If you experience flare-ups of symptoms after any type of exertion, a doctor may recommend that you manage your daily activity levels or keep a diary to help you get an idea of which ones. The activities can be too much mentally or physically. This self-monitoring technique, often used by people with chronic fatigue syndrome (also known as myalgic encephalomyelitis), assumes that people have a certain amount of energy that they can expend each day. . So small tasks like taking a shower or getting dressed can use less energy, while vacuuming or running to the end of your driveway can drain your energy too quickly, leading to a condition called post-exercise malaise.
Ridgeway said conserving energy throughout the day can help reduce post-Covid fatigue. “It’s a different approach to treatment than many other physical therapies, but we want to make sure we’re doing everything we can to truly empower these patients.”
strength and aerobic exercise while seated
Doctors and therapists agree that people with persistent COVID-19 need to exercise at a very slow pace, often recumbent strength, before resuming basic aerobic conditioning and moving on to more intense upright movements. Begins with practicing. This may involve attempting to activate your core or Summary Do supine or lateral, balance exercises, or do cardio while seated on a recumbent bike or rowing machine. Your doctor will monitor your heart rate, blood pressure, and oxygen levels while you do these exercises and make sure you don’t have heart palpitations or any other cardiovascular symptoms, Titano explains.
standing upright walking and other aerobic exercises
Over time, you may become comfortable running on the elliptical or on a treadmill. Your doctor or physical therapist may also ask you to count your steps or try climbing stairs in your home several times a day. One of the goals set by Fagan’s cardiologist was to walk 5,000 steps a day, a goal the expert recommended in October 2021. “Now we’re in March and finished to reach it,” he said.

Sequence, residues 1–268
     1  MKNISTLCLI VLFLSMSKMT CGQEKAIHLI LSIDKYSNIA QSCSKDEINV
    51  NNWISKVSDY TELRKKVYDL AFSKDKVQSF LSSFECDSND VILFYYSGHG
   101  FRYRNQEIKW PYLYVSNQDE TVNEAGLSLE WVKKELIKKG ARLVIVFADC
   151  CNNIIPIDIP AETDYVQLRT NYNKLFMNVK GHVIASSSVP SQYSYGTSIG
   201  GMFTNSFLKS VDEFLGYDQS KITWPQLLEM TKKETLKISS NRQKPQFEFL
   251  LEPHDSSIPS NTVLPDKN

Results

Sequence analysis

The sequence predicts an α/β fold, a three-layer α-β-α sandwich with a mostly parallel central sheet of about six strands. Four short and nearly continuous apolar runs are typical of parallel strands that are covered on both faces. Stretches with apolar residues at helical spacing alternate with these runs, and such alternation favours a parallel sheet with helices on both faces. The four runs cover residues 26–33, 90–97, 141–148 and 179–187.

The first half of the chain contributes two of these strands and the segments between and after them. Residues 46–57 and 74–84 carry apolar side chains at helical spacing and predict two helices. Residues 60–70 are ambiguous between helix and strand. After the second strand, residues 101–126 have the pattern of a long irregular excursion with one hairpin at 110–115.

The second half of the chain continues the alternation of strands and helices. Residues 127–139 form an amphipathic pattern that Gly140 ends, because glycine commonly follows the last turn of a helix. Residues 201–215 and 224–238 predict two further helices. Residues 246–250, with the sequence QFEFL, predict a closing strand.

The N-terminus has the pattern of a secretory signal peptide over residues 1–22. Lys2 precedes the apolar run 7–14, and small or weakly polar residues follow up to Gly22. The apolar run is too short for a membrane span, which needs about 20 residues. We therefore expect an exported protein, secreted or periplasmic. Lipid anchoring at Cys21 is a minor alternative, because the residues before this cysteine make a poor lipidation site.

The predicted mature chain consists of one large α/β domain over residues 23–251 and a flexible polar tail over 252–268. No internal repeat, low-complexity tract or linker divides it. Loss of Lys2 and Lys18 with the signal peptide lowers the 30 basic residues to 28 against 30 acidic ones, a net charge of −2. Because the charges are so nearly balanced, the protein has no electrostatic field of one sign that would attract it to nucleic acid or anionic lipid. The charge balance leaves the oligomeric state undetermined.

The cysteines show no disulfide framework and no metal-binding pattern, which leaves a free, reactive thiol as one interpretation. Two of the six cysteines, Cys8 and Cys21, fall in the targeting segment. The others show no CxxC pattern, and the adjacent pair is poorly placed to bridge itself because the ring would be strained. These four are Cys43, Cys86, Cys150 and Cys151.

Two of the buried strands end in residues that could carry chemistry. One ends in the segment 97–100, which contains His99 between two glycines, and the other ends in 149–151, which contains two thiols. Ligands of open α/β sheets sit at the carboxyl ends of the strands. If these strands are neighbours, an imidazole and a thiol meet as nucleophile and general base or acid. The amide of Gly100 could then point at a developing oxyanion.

Progress in controlling persistent COVID symptoms can be extremely slow, so it is often encouraging to see improvement over time. People can track their data using a heart rate monitor on a smart watch, a blood pressure monitor or a pulse oximeter if they have one at home. Health care providers may recommend that you have a family member or friend help you use some of these devices, and to make sure you are fine while doing any exercises. “It’s nice to be able to track progress,” Fagan says. “It helps me personally because progress is incredibly slow. You don’t see it from day to day. You don’t even see it month to month. It’s a relatively yearly progress”.
If you’re experiencing really debilitating symptoms that keep you from doing everyday tasks — like doing laundry, going to work, or taking care of your kids, for example — you may need to take extra prescription drugs. Help and close professional monitoring of health may be needed, Hayek said. Depending on the person’s risk of heart disease and current symptoms, certain blood pressure medications, such as beta-blockers or calcium antagonists (also known as calcium channel blockers), relieve excessive dizziness and chest pain and unusual symptoms. May help treat heart rhythm, he said. , And these drugs can be tapered once the cardiovascular symptoms have subsided.
However, adolescents and young children suffering from persistent covid are not fit to take many cardiac medicines. When caring for young patients, Sindhu Mohandas, an infectious disease specialist at Children’s Hospital Los Angeles, said she often recommends more lifestyle changes that, in addition to physical therapy, help patients focus in school and recover. can help. Your endurance game.
Lifestyle changes, such as managing your daily energy stores or gradually increasing your exercise capacity, may seem trivial, but they can have a big impact on reducing your long-term risk of stroke. Heart attack or stroke, said cardiologist Salim Virani at Baylor College of Medicine in Houston. And health care providers are constantly learning more ways to help COVID patients improve their health, he said.
As far as Fagan is concerned, he hopes that working with his physical therapist and doctors will help him regain his fitness and eventually return to normal life. Just last month, she was able to go to a restaurant with friends and then walk in to a play at her daughter’s high school, which was “a big deal.”
“Sometimes there is no choice but to slow down,” he said. “And that’s fine.”